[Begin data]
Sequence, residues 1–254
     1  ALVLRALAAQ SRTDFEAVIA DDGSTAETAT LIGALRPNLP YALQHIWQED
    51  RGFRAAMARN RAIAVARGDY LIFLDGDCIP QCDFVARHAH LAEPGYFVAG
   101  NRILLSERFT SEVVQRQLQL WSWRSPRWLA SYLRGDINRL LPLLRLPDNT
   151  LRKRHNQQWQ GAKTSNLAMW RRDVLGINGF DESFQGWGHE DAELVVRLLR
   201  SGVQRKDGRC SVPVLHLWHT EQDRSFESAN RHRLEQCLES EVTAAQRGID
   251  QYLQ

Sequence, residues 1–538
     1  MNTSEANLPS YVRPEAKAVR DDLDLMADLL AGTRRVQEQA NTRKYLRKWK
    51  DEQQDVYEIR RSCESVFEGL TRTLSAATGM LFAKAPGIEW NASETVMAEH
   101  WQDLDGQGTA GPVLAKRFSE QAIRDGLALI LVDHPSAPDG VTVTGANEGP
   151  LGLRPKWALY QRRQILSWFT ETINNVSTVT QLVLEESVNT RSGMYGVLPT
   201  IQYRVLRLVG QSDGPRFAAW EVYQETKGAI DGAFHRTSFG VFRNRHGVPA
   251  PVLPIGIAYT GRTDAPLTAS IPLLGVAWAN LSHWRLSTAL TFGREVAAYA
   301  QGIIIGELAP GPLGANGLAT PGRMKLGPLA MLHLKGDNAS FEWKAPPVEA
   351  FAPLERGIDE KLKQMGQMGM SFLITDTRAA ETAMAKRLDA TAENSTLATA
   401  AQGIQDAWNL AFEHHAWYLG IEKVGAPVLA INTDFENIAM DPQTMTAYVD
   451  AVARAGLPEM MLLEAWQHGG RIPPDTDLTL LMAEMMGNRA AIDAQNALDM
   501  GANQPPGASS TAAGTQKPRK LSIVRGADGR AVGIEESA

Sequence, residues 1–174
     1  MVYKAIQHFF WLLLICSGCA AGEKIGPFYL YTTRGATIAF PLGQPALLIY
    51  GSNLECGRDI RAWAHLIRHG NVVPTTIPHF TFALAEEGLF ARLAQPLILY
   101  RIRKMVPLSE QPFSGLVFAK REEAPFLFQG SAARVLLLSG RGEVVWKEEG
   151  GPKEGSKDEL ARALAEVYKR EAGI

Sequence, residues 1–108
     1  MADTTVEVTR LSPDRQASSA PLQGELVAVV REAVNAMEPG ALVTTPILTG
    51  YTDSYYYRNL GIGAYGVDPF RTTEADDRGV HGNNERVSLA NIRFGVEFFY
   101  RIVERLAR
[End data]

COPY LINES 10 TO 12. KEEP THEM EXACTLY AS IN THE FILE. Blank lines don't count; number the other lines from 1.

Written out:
    51  DEQQDVYEIR RSCESVFEGL TRTLSAATGM LFAKAPGIEW NASETVMAEH
   101  WQDLDGQGTA GPVLAKRFSE QAIRDGLALI LVDHPSAPDG VTVTGANEGP
   151  LGLRPKWALY QRRQILSWFT ETINNVSTVT QLVLEESVNT RSGMYGVLPT